Cybersecurity is a major concern for businesses, local experts say. IBM operates a commercial cyber range in Massachusetts that simulates cyberattacks, using malware, ransomware and other real-world hacker tools that businesses face on the internet.

We see more than our share of declarations of emergency in Louisiana because of hurricanes and tornadoes.

What we saw recently was different: an emergency caused by hacker-hoodlums.

Digital thieves successfully injected malware in several computer networks in public schools in Louisiana.

Once the program is in place, it can lock the system down until a ransom is paid.

If there is good news in this, it is that Louisiana does have a plan to respond to these events. Gov. John Bel Edwards’ declaration of emergency is part of that, authorizing extraordinary actions to respond to this new and creative form of highway robbery.

The bad news: It’s a growing phenomenon and not just in Louisiana.

“It’s growing in use at the state and local levels because the attackers know government agencies, especially at the lower levels, are likely to pay,” commented Jeff Moulton, head of the Stephenson National Center for Security Research at LSU.

The agencies, whether school boards or parish governments, may face unacceptable risks to life or property if they don’t pay up.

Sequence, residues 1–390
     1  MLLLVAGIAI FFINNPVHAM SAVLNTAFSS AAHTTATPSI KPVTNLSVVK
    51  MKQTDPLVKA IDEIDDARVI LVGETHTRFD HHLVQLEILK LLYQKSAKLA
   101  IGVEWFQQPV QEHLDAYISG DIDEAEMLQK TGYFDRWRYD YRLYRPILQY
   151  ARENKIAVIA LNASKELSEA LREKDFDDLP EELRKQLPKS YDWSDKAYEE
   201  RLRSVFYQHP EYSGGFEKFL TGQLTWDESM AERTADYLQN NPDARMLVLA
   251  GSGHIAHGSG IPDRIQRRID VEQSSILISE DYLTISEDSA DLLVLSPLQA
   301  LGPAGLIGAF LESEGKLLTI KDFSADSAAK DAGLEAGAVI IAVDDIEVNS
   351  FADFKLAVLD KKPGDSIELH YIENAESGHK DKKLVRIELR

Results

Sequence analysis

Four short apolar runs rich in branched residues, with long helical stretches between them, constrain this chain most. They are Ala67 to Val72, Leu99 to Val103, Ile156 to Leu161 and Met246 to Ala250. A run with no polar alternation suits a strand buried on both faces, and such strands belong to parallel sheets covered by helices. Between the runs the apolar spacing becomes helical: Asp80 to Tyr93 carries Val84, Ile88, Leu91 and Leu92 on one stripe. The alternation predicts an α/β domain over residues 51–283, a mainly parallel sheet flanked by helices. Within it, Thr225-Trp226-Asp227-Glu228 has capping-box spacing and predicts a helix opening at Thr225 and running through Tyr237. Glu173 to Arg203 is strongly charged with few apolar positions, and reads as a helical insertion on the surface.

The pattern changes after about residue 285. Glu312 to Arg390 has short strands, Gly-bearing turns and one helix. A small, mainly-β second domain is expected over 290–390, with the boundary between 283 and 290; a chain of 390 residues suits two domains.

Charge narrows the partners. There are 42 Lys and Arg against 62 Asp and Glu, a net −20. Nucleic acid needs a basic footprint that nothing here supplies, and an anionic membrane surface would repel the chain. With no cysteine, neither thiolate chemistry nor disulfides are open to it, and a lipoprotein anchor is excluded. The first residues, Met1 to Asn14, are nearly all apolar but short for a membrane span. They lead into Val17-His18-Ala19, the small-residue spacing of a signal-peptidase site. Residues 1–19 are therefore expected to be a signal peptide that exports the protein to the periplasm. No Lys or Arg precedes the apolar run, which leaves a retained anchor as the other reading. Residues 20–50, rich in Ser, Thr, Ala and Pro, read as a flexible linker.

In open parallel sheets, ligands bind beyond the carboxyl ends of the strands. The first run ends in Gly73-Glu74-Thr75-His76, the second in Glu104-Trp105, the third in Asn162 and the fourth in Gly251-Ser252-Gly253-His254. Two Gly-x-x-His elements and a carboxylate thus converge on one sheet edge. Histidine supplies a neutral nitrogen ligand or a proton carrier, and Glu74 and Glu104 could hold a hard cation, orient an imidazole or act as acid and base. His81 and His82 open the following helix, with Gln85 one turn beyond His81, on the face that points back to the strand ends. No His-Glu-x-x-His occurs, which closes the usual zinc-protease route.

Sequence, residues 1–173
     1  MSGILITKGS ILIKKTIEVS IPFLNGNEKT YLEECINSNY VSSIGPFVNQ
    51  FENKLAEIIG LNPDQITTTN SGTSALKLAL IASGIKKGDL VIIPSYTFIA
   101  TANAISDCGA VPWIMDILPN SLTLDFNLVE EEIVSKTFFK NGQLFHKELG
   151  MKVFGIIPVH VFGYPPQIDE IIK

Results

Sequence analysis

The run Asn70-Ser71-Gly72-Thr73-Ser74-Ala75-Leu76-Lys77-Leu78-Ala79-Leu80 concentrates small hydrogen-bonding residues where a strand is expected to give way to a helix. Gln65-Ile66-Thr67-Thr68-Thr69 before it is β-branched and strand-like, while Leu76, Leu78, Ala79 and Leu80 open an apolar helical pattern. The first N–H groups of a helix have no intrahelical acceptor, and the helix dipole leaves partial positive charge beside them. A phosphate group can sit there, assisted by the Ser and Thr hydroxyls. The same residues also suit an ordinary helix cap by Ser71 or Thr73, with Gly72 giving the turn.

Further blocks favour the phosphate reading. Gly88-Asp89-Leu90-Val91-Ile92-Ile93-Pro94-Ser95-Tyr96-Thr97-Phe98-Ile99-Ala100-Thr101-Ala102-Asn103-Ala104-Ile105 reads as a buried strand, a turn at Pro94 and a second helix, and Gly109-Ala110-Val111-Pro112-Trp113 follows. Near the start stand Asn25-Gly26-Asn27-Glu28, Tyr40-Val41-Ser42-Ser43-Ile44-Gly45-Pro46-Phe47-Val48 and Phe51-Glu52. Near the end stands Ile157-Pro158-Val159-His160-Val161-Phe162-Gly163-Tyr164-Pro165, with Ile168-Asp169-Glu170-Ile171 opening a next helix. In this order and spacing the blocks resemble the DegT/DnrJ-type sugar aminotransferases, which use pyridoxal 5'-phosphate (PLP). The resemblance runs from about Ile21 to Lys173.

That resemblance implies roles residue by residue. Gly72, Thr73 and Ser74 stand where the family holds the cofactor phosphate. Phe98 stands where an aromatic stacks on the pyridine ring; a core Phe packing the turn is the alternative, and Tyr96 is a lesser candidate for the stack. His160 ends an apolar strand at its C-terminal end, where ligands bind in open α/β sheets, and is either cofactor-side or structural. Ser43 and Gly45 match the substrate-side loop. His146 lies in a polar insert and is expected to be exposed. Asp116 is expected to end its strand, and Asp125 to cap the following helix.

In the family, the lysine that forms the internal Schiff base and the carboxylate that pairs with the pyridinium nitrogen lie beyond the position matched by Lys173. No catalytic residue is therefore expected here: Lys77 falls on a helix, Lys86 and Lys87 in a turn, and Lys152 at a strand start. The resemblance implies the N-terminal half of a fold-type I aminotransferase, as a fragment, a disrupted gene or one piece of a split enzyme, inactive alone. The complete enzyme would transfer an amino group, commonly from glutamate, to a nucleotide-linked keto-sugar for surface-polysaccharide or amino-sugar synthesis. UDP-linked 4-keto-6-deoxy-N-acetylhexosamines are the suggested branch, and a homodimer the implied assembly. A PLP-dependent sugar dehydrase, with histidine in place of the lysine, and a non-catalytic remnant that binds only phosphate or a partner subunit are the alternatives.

Ransom is never a pretty sight.

This new incident underlines the degree to which a digitized post-industrial society is vulnerable to cybercrime.

Louisiana is not alone in this, but for state and local government in general, attention to computer needs is vital. That costs money, and all too often, our public networks — unlike those at say, a bank or large retailer — seem like budget items that can go unfunded in favor of more urgent priorities.

As taxpayers, we ought to be asking candidates for governor and Legislature this year not only what they’re going to be doing about cybercrime, but what they’re going to be doing to make government more efficient. As in the private sector, that involves investment in technology to make not only government operations safer from cybercrime but also easier for the community to interact with.

It is not a politically popular thing. As in private life, public employees may see a digital efficiency investment less as a better way to do their jobs, than a back-door way to eliminate their jobs.

Much of what government does is by its nature labor-intensive: teaching students, meeting needs of senior citizens or disabled adults, protecting young children in unsafe homes. Those jobs are not going to go away.

What will make those employees more efficient is up-to-date and secure computer networks and better ways to serve people. That should be a nonpartisan cause.